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Discovering a genius

ROMESH CHANDER

The Hindi translation of Buddhadeva Bose's "Pratham Parth" was perhaps one of the best presentations on the Delhi stage.



IMPRESSIVE A scene from the play, "Pratham Parth".

Buddhadeva Bose (1908-1974) was an outstanding personality in Indian literature, a prolific writer who wrote more than 200 books - short stories, novels, poetry and plays - and was awarded the Sahitya Akademi Award but as a playwright he seems to have been discovered only after his death. And for this, one has to purportedly thank Salil Bhandopadhyaya of Thatron Theatre Group in Kolkata that has produced some of Buddhadeva's plays like "Tapeswi-O-Tarangini", "Kolkatara Electra" and "Anamni Angana". Some of these presentations opened, as it were, a new chapter in the understanding and appreciation of Bose's literary achievements by Kolkata's literary and theatre circles.

And now having seen Buddhadeva Bose's "Pratham Parth" in Manish Manoja and Bapi Bose's Hindi translation as presented by Circle Theatre Company in Bapi Bose's direction this past week, we wonder why has it taken us so long to discover the theatrical genius of an outstanding playwright.

Buddhadeva Bose builds his play around Karan and the time is the eve of the epic battle of Kurukshetra. The play opens with two Brahmins, beautifully played by two of our veteran actors of Jan Natya Manch, who are back on the stage after 12 years - Manish Manoja and Subhash Tyagi. They are discussing about what may happen in the battle that is to begin the next morning. They speak the mind of the common man and feel that neutrality has no meaning. How true!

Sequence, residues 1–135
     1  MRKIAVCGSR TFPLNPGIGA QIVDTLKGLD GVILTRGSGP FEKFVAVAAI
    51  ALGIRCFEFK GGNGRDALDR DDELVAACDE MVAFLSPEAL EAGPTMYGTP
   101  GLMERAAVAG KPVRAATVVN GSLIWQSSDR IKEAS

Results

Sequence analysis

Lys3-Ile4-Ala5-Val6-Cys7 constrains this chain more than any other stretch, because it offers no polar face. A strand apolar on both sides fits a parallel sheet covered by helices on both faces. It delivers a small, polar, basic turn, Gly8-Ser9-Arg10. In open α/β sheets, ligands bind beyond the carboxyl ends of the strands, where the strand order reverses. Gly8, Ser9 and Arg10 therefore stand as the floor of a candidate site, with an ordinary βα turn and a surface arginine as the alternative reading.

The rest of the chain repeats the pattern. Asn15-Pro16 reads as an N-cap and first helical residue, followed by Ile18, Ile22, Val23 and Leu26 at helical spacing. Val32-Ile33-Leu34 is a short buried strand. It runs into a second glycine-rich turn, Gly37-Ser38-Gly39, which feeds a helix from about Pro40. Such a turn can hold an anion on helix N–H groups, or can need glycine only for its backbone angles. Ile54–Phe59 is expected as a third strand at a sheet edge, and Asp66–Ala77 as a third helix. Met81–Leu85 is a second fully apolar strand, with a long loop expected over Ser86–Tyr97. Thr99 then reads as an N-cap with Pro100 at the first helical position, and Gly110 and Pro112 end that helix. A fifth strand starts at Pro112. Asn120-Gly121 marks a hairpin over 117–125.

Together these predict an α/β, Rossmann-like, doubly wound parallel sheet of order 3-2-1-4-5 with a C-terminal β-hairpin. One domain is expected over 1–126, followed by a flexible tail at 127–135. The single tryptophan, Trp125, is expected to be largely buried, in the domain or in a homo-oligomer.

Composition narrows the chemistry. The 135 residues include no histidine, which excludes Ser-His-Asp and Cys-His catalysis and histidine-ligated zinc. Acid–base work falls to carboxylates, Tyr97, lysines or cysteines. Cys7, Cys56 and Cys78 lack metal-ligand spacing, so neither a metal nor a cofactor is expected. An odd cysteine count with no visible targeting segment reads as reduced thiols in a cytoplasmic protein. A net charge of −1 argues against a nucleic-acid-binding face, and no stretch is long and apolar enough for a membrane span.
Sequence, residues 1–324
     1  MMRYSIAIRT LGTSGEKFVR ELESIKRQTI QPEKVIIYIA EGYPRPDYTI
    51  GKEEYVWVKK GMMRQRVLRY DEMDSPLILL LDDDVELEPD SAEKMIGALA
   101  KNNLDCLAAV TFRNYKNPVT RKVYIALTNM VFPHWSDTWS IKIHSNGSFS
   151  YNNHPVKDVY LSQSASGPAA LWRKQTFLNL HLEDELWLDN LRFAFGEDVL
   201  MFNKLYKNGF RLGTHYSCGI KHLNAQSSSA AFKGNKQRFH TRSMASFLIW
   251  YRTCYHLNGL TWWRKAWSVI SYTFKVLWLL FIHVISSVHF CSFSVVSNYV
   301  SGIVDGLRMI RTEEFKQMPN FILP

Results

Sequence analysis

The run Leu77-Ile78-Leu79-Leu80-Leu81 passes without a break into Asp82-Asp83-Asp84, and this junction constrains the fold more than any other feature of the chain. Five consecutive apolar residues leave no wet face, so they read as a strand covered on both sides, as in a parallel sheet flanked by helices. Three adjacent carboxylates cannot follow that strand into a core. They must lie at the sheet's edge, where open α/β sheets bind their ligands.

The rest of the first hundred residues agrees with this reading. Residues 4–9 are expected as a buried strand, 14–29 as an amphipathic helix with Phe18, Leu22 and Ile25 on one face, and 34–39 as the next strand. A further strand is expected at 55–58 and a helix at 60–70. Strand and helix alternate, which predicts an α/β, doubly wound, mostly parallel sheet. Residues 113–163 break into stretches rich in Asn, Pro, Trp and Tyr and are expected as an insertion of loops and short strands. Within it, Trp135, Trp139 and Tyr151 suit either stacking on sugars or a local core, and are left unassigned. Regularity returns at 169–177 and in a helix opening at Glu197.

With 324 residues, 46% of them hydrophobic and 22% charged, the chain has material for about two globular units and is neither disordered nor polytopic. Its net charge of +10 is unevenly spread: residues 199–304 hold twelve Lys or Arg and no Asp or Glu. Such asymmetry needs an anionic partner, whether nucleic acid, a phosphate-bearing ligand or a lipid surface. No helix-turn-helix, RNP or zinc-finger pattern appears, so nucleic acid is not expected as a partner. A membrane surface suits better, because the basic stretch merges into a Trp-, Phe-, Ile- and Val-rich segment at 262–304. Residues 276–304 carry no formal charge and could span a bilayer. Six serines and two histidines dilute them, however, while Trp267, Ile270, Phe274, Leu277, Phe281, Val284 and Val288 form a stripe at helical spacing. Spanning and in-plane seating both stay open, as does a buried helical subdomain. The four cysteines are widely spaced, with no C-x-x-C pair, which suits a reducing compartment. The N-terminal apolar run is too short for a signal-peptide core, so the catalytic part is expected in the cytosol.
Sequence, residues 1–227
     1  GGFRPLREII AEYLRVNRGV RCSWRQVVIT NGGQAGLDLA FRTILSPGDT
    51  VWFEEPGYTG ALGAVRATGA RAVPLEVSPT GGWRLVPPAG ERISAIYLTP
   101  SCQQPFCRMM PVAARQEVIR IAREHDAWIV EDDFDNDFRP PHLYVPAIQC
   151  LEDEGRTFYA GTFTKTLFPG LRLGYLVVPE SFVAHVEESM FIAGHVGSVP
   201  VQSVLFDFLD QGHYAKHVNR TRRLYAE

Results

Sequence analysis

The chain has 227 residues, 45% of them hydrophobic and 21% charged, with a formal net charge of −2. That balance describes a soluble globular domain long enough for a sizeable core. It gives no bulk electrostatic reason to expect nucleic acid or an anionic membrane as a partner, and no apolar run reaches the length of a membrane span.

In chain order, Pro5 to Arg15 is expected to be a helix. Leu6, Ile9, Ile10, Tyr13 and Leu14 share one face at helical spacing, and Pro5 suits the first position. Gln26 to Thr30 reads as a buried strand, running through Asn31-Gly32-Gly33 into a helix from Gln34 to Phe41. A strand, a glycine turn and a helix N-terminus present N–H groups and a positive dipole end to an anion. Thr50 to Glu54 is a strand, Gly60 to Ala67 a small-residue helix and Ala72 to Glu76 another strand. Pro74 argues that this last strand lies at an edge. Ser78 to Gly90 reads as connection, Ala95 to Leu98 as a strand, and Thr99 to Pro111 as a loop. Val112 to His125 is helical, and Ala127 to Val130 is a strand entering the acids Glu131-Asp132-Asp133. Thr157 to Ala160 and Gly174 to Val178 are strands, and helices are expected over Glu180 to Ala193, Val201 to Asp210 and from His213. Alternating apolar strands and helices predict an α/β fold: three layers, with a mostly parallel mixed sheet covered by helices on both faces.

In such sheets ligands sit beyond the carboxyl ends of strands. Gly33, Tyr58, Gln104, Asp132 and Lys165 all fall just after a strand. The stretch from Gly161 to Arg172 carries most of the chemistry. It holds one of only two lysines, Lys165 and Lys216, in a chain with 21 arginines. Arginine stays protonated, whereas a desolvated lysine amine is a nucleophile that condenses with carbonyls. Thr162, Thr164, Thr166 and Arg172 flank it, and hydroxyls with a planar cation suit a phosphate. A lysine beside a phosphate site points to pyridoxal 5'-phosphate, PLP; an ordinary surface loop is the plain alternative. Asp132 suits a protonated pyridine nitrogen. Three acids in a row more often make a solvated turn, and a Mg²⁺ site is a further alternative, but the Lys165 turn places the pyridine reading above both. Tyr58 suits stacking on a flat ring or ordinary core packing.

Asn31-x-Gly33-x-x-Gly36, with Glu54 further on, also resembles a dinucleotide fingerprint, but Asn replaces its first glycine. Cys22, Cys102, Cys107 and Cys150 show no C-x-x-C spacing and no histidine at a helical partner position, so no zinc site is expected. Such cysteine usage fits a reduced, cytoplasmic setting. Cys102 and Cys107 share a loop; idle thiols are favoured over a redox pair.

Epic battle

The scene shifts to Kunti visiting her eldest child on the eve of the epic battle of Kurukshetra. Bapi Bose's lighting design beautifully captures the atmosphere. Kunti tells Karan the secret of her first conception and the circumstances in which she had to abandon him. The entire scene is beautifully conceived and sensitively delivered both by Karan (Ramesh Manchanda) and Kunti (B. Gauri) who is in complete control of the role and leaves us wondering about the motive of her visit. Was it love for her first born or was it to keep him away from the battle to ensure the Pandava's victory?

Draupadi (Vidhu Khare) too visits Karan. What was her real motivation? Was it to make up for Karan's insult in the Swayamwaror to win him over from the Kaurav's to ensure the Pandava's victory, more so of Arjun in particular. The playwright leaves the audiences to decide for themselves.Krishna (Madan Dogra) too visits Karan. His arguments to persuade Karan from not participating in the battle are too well known but Karan's counter arguments, hinting at Krishna's super natural power laced with subtlety, goes down well with the audience.

"Pratham Parth" is perhaps Bapi Bose's best presentation so far. His use of the puppets towards the end and Sangeeta Sharma's dance projecting Karan's uncherished dream would be long remembered. Sangeeta incidentally is the lead performer in Narender Sharma's well-known dance group."Pratham Parth" must be kept alive for it is one of the best Hindi theatrical presentations that we have seen on the Delhi stage over the last ten years or so.

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